The entire night before I had the, kid waiting for Christmas morning, feeling. Basically I laid there in my Motel 6 penthouse suite, waiting for morning to come. Two things were keeping me awake. The first one was knowing that the coming days ride would take me to the giant redwoods of northern California, the tourist attraction that I wanted to see the most. The second one was a combination of three Monster Energy drinks that I engulfed while busting out the previous days 500 mile ride from San Diego. Don’t drink these things at 7pm folks unless you plan to have a night out with the vampires. That morning I woke both, fatigued and stoked, for one of the most epic days of riding on the trip so far.
My journey would take me from Santa Rosa Ca. to California route 1, right on the edge of the Pacific Ocean, through Fort Bragg and into the redwood region of Humbolt County. I left that morning right after 10am and made my way due east through some beautiful wine country outside of Santa Rosa toward Jenner Ca. This little ride to the coast gave me my first taste of redwood forests. I began to realize how dense and dark these forest really are. Even the trees with rather thin diameters are really tall. Eventually the Pacific oceans rugged coastline burst onto the scene and my quick taste of the redwood forests took a break for the majority of the day. The portion of California route 1 that I took would take me from Jenner to Legget Ca., roughly 150 miles. As soon as I saw the coast I stopped. At that point the Russian river was emptying into the mighty Pacific and the waves were so aggressive that they seemed to push the fresh water back upstream. Almost rejecting it. At this little junction, sea lions rested on a sand bar, seemingly oblivious to the 20 foot tall waves that pounded the rocky shore nearby. I wasn’t oblivious to any of it though. These were the tallest waves that I’ve seen and the coastline was rugged, jagged, and perfect. A foggy, wet paradise. The next five miles were spent stopping every five seconds to snap pics. Eventually I had to force myself to just get on with it. I set a goal of making it to Fort Bragg before I allowed myself to stop for pics again. I broke this rule once or twice due to the unreal scenery, but made some decent progress. In Fort Bragg I stopped for a burger at Jennys Giant Burgers. This gave my aching back a break and let me fuel up for the next 100 miles.
Forty miles later route 1 took a hard right and left the Pacific Coast for the dense forest. Again, like earlier in the day, I was surrounded by tall redwoods, but not massive ones. The road twisted and turned through the mountain for 22 miles until the tiny village of Leggett stopped me in my tracks. Actually a sign saying “Drive thru redwood 1/4 mile away” stopped me. How could I resist? I veered off of my intended route to seek out this tree. That quarter-mile was one of the most exciting of my life. The redwoods around me got taller and much thicker at the base. Then after a $3 fee there it was! The biggest tree of my life. It was called the Chandelier tree and had a massive square hole hollowed out right at the base. I couldn’t take my eyes off of it. The top was out of sight, but the first 280 feet or so was clearly visible. It was everything that I hoped it would be and more. Fascination overwhelmed me. “How could something like this exist?” I thought. Well I don’t have an explanation, but I do have a great appreciation for the chance to see it. That one tree was worth every mile that I trekked to get to it. My stay at the tree was bitter-sweet though. I had to make tracks or else I’d be traveling this remote area at night with no idea where to go.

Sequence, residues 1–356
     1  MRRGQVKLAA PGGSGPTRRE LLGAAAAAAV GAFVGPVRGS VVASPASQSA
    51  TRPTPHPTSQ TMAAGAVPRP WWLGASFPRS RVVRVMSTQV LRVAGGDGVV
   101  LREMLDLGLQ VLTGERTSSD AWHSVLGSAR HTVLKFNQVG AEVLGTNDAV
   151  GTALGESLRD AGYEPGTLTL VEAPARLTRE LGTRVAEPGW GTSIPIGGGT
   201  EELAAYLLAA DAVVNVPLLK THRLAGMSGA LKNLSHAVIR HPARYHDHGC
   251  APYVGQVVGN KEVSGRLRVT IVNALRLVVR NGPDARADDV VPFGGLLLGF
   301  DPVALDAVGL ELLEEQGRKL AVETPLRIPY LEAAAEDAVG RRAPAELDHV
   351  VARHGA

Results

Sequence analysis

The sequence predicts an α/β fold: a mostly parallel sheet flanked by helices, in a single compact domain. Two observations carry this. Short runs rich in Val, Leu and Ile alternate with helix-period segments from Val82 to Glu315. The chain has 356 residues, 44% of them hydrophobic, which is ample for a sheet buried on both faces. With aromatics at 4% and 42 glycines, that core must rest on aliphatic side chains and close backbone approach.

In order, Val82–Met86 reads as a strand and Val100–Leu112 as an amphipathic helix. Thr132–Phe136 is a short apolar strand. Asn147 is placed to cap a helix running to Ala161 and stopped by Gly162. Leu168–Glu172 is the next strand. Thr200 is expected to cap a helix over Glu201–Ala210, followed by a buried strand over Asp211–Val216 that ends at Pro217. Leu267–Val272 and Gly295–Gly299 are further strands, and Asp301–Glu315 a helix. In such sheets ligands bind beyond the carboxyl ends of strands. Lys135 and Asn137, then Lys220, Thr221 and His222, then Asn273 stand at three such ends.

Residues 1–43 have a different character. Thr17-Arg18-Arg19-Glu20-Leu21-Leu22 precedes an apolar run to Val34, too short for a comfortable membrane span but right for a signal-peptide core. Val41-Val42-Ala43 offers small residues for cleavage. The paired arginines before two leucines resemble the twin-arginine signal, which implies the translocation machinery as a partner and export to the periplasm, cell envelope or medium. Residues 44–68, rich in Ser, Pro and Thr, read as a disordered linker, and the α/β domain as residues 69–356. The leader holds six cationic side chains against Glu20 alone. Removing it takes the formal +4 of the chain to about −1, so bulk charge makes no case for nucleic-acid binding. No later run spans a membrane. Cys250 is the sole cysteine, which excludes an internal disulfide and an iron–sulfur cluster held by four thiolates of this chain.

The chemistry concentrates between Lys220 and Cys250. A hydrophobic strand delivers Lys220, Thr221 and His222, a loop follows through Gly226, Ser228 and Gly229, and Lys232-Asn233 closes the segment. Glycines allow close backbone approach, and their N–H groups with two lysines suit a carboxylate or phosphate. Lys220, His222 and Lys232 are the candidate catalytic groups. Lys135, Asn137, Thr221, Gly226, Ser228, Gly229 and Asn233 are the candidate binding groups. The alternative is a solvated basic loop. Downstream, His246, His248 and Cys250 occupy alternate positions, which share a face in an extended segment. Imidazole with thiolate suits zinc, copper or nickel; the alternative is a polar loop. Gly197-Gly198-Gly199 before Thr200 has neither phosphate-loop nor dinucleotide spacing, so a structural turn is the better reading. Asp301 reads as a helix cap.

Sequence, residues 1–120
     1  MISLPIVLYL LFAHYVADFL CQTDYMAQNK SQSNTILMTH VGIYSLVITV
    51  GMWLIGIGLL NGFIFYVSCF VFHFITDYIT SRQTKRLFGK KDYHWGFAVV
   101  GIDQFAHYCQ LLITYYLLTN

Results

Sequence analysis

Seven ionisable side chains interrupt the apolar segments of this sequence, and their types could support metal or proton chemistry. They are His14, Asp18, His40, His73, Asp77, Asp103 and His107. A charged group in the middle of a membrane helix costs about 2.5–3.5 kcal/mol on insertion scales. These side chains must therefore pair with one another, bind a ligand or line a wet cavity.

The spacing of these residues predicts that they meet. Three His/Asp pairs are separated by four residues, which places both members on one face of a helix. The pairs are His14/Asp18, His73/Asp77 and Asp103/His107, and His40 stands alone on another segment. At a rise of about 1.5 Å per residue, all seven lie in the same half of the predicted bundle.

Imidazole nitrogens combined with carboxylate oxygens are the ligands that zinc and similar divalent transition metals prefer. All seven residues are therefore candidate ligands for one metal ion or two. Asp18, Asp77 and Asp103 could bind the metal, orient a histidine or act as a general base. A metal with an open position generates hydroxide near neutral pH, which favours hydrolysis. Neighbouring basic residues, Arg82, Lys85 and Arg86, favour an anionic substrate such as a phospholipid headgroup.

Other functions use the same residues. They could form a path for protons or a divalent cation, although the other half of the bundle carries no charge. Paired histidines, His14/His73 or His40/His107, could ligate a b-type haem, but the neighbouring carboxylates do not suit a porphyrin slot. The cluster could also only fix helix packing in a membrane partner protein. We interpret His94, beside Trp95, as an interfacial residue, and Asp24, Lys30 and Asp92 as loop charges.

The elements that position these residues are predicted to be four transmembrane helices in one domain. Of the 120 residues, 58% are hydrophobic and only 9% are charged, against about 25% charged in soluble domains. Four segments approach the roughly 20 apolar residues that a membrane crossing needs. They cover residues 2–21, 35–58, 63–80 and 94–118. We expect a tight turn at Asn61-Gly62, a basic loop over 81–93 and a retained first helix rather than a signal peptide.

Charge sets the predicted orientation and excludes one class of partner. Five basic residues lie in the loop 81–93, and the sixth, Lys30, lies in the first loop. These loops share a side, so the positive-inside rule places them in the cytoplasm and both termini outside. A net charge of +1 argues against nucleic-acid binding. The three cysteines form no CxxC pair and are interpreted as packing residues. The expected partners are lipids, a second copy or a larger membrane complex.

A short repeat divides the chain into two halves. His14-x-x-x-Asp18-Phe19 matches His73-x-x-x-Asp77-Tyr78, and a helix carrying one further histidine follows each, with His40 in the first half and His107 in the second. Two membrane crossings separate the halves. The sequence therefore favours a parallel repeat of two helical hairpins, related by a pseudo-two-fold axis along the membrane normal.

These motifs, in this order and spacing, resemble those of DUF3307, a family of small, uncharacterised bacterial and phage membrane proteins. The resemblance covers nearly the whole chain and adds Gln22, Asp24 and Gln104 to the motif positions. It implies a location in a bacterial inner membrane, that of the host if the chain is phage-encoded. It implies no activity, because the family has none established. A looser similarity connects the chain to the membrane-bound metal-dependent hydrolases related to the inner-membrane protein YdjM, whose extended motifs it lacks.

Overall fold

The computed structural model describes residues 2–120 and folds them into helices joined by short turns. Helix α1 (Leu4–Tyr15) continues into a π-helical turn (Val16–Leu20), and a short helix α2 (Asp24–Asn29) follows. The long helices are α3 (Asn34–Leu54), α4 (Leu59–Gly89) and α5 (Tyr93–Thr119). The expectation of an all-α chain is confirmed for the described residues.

The goal was Humbolt Redwoods State Park, 45 miles north. The sun was setting quick with the help of the mountains and giant trees and I didn’t look forward to setting up camp in the dark again, but that is exactly what happened. I made it to Myers Flat Ca., pulled off of freeway 101 and looked for the campground. With no luck the first time, I went back to town to get the directions. It turns out that if I would have ridden a bit further I would’ve found the campground. When I finally made it to my destination, it was pitch black with giant wooden silhouettes surrounding me. I set up my tent, crawled in, and looked forward to day break and another chance to see these giants.